And now the day is almost here. Her nearest and dearest are gathered on an idyllic Greek island and she just knows it’s going to be perfect. It has to be.
But even the best-laid plans can go horribly wrong. Why are her parents behaving so strangely? Why won’t the rather odd lady from the airport stop hanging around? Who is the silent stranger her sister brought as a plus-1?
And then they find the body.
It’s going to be a day to remember.
Jeremiah’s Bell by Denzil Meyrick
Teenager Alison Doig disappeared from Kinloch over thirty years ago under mysterious circumstances. Her reclusive family still live in a remote part of the Kintyre peninsula, amidst rumours of wrecking, smuggling and barbaric cruelty.
Now rich American hotelier Alice Wenger has arrived in town, determined to punish those who made her suffer in the past. But someone has vowed to keep hidden sins concealed for ever.
Daley’s team must race against time to expose long-held secrets and shameful lies before there are any more victims.
THE PERFECT ESCAPE…
Gabrielle Adams has it all – brains, beauty, a handsome fiancé, and a dream job in publishing. Until, one day, everything changes.
‘The Tube Killer’ takes his victims when they least expect it: standing on the edge of a busy London Underground platform, as they wait for a train to arrive through the murky underground tunnels of London.
Gabrielle soon learns that being a survivor is harder than being a victim, and she struggles to return to her old life. Desperate to break free from the endless nightmares, she snatches up an opportunity to run a tiny bookshop in a picturesque cove in rural Cornwall.
She thinks she’s found the perfect escape, but has she swapped one nightmare for another?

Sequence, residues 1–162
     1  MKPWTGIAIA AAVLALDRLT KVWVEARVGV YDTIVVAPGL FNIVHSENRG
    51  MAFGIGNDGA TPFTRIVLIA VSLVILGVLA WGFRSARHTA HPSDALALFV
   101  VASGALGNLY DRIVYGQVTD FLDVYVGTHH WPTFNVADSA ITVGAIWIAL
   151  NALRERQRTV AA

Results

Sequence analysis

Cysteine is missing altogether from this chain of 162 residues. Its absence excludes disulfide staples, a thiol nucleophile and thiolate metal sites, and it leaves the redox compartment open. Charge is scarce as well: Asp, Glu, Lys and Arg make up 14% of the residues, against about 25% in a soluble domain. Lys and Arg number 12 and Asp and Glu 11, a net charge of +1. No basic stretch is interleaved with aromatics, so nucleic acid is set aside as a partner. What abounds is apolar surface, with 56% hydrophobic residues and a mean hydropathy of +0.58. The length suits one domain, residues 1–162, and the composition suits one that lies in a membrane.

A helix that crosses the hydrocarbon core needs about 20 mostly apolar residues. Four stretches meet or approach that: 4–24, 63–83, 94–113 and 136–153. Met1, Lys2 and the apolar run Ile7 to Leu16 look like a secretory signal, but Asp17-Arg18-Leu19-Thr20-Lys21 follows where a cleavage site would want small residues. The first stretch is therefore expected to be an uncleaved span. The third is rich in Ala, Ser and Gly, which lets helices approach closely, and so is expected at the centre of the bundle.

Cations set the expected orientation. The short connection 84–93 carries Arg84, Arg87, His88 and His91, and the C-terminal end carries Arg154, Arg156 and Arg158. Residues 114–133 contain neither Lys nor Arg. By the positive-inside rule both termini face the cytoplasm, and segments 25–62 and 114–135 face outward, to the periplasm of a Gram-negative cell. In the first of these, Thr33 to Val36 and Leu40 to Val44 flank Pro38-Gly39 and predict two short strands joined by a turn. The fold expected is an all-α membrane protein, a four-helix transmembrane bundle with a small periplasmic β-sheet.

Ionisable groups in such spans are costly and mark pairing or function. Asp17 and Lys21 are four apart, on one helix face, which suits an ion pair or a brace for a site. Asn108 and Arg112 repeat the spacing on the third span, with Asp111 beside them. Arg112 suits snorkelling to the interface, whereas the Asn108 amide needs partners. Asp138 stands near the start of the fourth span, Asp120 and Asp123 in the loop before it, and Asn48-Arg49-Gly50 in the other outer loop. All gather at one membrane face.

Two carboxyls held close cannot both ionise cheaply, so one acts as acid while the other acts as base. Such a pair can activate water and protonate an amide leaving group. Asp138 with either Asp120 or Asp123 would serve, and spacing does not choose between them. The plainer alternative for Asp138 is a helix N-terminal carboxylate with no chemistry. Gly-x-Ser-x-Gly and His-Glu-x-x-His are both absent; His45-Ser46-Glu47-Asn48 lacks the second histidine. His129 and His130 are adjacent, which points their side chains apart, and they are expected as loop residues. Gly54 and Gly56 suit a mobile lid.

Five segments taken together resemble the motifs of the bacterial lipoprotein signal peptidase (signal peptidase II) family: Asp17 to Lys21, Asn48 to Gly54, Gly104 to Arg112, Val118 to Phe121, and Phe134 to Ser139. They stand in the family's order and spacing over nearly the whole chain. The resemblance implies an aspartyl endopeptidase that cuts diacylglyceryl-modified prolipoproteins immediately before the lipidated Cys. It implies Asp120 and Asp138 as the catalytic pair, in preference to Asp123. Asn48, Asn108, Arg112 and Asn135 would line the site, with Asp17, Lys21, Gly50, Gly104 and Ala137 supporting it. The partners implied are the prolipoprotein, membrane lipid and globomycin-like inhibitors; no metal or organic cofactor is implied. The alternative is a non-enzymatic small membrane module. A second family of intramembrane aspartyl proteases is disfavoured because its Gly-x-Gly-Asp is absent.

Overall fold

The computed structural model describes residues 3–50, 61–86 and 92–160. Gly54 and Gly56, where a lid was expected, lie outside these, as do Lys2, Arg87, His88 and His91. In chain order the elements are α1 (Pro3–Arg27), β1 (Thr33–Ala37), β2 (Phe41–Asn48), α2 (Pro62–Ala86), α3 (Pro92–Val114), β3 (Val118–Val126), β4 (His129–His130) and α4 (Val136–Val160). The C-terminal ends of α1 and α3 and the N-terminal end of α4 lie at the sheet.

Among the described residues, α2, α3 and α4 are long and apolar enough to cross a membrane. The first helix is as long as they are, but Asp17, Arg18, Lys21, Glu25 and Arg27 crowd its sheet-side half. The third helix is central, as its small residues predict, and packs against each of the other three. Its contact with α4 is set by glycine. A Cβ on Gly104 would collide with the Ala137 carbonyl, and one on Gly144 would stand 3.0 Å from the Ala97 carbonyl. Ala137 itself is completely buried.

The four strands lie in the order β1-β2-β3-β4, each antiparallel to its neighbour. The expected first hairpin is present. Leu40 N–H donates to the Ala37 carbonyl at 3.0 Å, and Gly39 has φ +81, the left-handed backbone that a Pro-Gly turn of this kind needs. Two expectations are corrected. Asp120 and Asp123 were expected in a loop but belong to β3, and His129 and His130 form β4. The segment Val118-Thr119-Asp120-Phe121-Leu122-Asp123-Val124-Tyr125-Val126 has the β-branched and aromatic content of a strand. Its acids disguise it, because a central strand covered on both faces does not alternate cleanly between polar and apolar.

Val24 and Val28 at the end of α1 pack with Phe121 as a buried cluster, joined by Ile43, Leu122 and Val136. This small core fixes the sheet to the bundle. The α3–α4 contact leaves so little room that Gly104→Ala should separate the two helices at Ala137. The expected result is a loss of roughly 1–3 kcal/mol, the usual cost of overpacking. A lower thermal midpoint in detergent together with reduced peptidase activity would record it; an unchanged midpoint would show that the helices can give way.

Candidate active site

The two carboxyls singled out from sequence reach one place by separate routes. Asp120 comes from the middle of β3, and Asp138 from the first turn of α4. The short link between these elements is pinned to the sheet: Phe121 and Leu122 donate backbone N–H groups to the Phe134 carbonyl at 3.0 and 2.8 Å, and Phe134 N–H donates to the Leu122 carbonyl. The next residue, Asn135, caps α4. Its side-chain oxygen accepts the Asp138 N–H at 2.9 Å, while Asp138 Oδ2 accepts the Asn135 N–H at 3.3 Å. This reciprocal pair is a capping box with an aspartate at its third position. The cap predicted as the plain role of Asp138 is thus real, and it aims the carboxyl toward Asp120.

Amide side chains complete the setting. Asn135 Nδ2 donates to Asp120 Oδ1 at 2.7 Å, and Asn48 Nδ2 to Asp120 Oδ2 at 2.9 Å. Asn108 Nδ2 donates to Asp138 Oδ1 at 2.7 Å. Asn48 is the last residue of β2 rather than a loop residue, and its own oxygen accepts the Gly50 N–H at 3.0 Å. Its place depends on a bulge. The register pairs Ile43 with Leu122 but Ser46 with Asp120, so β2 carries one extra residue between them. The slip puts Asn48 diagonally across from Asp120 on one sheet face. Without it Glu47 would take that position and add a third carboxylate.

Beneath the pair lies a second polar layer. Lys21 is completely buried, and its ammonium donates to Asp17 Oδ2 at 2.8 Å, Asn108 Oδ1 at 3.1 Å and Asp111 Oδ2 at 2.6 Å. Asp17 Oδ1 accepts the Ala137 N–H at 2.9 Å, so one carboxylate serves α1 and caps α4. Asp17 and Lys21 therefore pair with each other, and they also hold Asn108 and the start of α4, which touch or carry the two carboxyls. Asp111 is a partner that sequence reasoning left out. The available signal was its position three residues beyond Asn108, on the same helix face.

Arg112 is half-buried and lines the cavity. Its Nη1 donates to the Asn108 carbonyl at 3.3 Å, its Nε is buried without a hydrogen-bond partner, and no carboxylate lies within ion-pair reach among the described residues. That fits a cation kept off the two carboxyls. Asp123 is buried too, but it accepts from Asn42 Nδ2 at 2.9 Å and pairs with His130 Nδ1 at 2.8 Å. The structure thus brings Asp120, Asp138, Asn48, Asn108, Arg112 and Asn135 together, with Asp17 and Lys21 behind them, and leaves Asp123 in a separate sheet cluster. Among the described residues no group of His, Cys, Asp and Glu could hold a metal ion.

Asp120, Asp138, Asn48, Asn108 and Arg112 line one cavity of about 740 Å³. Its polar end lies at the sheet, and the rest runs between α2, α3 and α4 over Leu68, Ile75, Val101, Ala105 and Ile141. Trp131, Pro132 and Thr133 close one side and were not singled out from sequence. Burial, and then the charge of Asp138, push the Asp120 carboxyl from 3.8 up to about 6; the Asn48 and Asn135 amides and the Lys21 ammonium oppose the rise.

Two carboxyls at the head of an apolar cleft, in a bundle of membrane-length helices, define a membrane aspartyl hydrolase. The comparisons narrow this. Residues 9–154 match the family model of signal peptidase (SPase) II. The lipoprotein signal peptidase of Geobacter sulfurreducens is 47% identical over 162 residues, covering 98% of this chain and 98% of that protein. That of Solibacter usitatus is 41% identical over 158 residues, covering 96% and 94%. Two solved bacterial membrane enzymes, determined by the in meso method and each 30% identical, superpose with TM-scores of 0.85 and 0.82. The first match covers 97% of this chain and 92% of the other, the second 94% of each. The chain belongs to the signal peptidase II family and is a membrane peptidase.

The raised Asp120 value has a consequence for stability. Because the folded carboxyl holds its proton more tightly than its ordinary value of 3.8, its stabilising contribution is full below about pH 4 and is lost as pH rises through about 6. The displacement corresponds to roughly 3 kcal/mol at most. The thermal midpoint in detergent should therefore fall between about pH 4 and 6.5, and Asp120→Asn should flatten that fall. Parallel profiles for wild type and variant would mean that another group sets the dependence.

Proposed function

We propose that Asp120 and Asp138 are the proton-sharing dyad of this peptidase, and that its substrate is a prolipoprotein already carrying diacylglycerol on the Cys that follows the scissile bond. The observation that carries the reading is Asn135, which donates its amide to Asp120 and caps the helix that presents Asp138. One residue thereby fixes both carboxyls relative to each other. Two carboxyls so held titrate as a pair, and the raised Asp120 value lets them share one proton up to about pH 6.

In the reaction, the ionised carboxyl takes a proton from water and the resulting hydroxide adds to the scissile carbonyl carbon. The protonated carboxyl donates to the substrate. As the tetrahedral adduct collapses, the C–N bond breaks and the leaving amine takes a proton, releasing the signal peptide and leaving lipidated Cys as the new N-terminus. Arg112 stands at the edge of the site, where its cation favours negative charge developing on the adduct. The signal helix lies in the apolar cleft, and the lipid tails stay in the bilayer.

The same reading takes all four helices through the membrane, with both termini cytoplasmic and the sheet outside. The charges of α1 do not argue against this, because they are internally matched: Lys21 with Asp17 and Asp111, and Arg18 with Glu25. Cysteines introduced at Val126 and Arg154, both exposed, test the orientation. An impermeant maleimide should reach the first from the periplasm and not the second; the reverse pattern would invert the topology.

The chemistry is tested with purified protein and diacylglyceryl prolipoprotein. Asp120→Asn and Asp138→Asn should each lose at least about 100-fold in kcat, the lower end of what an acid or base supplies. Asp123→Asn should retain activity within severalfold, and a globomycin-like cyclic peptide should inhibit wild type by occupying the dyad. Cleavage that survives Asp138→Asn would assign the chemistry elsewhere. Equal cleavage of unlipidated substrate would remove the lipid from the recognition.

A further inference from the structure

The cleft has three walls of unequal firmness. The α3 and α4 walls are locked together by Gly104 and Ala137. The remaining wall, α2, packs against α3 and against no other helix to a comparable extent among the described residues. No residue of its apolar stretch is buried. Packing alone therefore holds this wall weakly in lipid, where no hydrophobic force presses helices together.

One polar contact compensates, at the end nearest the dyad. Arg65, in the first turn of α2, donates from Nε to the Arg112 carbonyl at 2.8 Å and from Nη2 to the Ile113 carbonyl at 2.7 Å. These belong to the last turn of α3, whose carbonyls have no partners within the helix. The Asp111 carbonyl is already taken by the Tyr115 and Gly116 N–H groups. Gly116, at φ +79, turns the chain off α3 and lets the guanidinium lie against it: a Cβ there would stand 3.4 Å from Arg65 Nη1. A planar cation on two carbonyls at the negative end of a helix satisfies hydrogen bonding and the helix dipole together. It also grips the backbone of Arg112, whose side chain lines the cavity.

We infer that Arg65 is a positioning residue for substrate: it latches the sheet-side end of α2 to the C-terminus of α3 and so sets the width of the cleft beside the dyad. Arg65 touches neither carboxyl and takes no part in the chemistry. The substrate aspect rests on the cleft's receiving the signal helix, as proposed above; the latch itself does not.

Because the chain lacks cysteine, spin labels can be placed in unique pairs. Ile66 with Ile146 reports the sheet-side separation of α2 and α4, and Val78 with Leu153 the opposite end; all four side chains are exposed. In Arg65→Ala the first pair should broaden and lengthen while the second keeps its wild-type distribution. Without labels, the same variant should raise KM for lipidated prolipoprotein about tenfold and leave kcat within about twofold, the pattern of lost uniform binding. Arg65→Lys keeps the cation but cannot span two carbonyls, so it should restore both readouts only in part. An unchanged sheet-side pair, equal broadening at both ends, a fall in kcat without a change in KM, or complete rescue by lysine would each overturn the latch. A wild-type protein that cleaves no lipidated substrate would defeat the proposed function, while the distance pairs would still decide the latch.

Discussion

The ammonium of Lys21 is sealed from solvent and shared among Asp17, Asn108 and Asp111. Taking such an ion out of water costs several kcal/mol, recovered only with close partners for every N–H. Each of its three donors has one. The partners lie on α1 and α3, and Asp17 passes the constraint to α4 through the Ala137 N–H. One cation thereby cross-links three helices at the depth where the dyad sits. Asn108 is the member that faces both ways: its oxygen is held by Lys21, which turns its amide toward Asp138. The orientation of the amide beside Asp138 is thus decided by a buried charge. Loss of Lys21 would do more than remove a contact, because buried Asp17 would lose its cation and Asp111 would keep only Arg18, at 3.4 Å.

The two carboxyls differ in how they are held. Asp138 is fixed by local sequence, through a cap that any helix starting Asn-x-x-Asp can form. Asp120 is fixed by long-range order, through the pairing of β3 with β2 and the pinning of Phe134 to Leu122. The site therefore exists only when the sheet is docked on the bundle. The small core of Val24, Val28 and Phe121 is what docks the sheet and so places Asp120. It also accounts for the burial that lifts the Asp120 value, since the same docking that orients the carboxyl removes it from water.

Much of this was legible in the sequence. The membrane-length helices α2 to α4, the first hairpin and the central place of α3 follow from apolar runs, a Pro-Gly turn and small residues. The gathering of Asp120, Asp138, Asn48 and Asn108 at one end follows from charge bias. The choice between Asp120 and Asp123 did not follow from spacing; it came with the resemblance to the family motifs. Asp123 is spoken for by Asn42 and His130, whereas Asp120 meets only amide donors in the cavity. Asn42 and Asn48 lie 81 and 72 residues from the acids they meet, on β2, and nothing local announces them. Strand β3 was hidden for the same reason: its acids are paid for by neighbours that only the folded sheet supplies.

Suspense and mystery are peppered with romance and humour in this fast-paced thriller, set amidst the spectacular Cornish landscape.
The Reckoning by Rachel Amphlett
History never forgets…
The newest arrival at a care home for the elderly carries an air of mystery that even an ex-WW2 Resistance fighter can’t help trying to solve.
Then matters take a sinister turn…
The Reckoning forms part of the Case Files series of short crime stories from USA Today bestselling author Rachel Amphlett.
A Large Measure of Snow by Denzil Meyrick
It’s December 1967, and the town of Kinloch is cut off by heavy snow. With all roads closed, the only way to feed and water the townsfolk is for the fishing fleet to sail to Girvan for much-needed supplies.
But the skipper of the Girl Maggie, Sandy Hoynes, has a problem. First mate Hamish has, to everyone’s astonishment, been chosen as Young Fisherman of the Year by a Glasgow newspaper. Marooned in the town and with one eye on a scoop, their reporter decides to join the fishing crew on the mercy mission. The thought of the publicity – and some remuneration – delights Hoynes. But Hamish hasn’t told him the whole story.
As the blizzards worsen, the crew of the Girl Maggie embarks upon a trip like no other, encountering ghostly Vikings, gigantic crustaceans and a helpful seagull.
A pretty good week I’d say and certainly very entertaining. All books I would heartily recommend. A busy week on the blog too – recap below:
#Review – Mimic – Daniel Cole
#Review – Broken Girls – Joy Kluver
#Review – Rabbit Hole – Mark Billingham
#Review – The Rise and Fall Of The Miraculous Vespas – David F. Ross.
#Review – The Lies I Tell – Joel Hames
We’re fully booked this week. I’ve a brilliant cover reveal for Fall by West Camel this morning which you can find right here. Then there are blog tour reviews for The Hunt and the Kill by Holly Watt and Not A Happy Family by Shari Lapena as well as a host of other reviews taking us right through to Sunday. Phew!
Hope you all have a fabulously bookish week. I actually have to do a full five days this week at the job job. Not sure how I feel about that …😉 I will be enjoying the reading though and have some brilliant books lined up so I cannot wait.